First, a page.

In the second letter to Timothy (2:1-2) Paul tells Timothy to take what he has heard (the gospel) and pass it on to reliable people for them to tell others. Paul is preaching with four generations in mind. For the survival of the church and the gospel witness in Wales, we must prayerfully do the same. We must embrace the EMW camps, pray for the work and financially support it.

We need to make every effort to send our children and encourage their friends to go with them, and if you have no children (or they are grown up) please help others send theirs. It is simply an unrivalled opportunity for these young minds to come and know the Lord as their own, for them to hear the gospel and share it with others back home, so that one day they may tell.

We can rejoice that by God’s Grace those who came to camp professing faith, left in greater assurance and those far off, grew closer to God in Jesus. By God’s Grace…camp works!

The day after camp, I went down to my study, I began to prepare my notes for Sunday, but I could not resist browsing through the uploaded pictures of the week. I was quite emotional as I realised that I was already missing the team and the children. Camp was truly “better than the best thing I could ever think of” (this side of Glory). I have clearly caught the bug! 51 weeks to go!

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Random Open Air service on the Beach

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An Atheist Mother’s Day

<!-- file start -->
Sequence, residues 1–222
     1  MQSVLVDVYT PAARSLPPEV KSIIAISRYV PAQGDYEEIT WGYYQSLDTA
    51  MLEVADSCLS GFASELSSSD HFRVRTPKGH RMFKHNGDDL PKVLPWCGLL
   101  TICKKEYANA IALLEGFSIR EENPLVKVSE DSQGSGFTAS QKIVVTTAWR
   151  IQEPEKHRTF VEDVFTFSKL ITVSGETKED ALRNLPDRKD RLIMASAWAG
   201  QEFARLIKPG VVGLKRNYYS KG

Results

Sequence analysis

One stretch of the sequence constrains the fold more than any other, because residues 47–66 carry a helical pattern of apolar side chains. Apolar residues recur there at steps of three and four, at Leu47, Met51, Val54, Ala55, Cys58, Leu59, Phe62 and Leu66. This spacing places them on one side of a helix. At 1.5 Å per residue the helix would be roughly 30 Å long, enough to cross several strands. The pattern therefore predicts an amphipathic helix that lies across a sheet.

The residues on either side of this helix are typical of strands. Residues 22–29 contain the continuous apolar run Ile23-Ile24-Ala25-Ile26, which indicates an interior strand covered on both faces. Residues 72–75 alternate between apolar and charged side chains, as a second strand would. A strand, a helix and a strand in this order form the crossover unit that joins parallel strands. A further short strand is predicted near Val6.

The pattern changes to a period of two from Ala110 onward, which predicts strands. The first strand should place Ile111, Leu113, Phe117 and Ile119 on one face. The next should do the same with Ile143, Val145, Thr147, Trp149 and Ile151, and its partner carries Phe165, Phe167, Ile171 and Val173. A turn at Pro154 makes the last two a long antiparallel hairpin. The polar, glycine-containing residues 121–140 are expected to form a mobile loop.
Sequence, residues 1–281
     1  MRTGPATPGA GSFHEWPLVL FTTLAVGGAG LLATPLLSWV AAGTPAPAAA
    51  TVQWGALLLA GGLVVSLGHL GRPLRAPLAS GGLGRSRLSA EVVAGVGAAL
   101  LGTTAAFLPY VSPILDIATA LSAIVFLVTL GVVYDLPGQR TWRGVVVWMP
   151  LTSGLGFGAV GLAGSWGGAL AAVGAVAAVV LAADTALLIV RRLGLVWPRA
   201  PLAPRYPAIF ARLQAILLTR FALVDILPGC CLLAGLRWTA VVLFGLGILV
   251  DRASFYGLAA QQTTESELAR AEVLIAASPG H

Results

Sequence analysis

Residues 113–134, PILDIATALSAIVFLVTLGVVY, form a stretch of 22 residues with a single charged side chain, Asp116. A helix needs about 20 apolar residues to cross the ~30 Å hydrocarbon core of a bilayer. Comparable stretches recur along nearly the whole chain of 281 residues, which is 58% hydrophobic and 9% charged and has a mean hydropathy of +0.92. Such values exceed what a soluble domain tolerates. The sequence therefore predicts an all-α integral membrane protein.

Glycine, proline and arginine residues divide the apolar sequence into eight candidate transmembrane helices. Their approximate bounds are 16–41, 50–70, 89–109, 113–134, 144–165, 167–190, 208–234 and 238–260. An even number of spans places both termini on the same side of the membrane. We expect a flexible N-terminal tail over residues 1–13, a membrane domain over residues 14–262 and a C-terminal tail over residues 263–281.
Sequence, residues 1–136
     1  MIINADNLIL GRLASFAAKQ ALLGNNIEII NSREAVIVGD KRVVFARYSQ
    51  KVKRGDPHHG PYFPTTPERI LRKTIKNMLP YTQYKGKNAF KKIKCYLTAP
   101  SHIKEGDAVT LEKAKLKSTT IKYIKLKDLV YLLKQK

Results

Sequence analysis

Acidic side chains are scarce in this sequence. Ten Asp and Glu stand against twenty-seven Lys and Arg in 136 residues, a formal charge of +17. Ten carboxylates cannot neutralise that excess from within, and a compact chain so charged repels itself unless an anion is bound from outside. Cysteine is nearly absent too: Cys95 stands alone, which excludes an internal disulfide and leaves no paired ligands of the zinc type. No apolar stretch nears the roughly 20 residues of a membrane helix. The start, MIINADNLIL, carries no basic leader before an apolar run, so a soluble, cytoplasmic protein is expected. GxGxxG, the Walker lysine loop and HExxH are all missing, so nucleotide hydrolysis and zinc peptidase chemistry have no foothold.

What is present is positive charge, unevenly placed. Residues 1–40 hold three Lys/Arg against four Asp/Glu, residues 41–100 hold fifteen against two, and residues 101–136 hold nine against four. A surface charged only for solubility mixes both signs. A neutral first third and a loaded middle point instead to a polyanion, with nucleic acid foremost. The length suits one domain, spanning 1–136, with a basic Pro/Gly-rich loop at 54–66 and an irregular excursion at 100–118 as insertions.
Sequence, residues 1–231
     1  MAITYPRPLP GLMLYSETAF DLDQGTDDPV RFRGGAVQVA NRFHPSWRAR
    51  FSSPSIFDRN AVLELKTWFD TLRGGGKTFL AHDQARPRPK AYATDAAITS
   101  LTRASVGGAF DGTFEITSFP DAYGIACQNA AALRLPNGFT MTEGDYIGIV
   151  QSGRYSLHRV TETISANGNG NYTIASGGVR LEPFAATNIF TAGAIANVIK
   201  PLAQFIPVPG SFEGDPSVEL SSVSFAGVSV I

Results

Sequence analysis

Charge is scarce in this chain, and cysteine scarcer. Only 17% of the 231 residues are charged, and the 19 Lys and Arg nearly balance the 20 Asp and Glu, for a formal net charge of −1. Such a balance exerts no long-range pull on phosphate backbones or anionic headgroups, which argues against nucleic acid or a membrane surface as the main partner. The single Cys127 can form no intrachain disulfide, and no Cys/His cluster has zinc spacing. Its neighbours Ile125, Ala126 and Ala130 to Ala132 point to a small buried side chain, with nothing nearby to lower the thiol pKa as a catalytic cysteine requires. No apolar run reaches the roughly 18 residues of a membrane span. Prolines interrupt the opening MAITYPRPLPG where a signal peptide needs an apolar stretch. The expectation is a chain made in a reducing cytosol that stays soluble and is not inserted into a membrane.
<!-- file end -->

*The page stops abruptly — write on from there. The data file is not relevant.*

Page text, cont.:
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This morning (Mother’s Day), my doting sons woke up early to prepare a wonderful surprise (within their adolescent capability) for my amazing wife. Breakfast in Bed!

The eldest nominated himself to be the culinary whiz, whilst the middle son made a wonderful card.

Placed awkwardly on a tray, they tip-toed up the stairs and presented it all to their sleeping mother. (The kitchen was left in a total mess!)

The front of the card had a smiling face, with rosy cheeks, bright eyes and long brown hair (it was my wife). The face was framed in a two layered heart, the inner a bright purple and the outer pink. It was beautiful. Inside my son wrote, “To Mummy, Happy Mother’s Day, Love” (and then their names).

My wife was overcome by emotion; she could see the love, effort and care that had gone into making such a card. She embraced my grinning sons who appreciated the gratitude for their labours. It was quite the scene!

It all got me thinking! What if my wife had viewed this cherished gift in the same atheistic ‘world view’ that most of our society share today?

What if she ruled my son out of the equation and assumed that the picture (however beautiful) had simply arrived by chance over billions of years? The heartfelt words would become meaningless, discarded as haphazard weathering on the page. How would my son feel?

What if my wife, instead of thanking my son, did a chemical analysis on the crayons and ink to find out their source, or carbon date the paper to find out its given age, or take a core sample of the dust that gathered and take it back to the lab?

The once loving Mother’s day exchange would become a cold and meaningless affair.- would it not?

My wife would have lost that moment of love with her son and my son would be mightily concerned with his mum’s lack of appreciation with his craftsmanship! The relationship would be broken!

This world view gives us the very same problem today with our creator God.

He has given us a world that screams out the hallmarks of intelligent design. From the intricacy of our DNA to the great and purposeful forces of nature, from the fine tuning of billions of factors required to support life (let alone sentient life) to the improbability of our very existence. He even resides in our own (and unique) ability to love, create and share, even at times that are counterproductive to our very survival. All such things that we experience each and everyday, that we often take for granted, but are all signatures of the love, provision and grace of our creator God.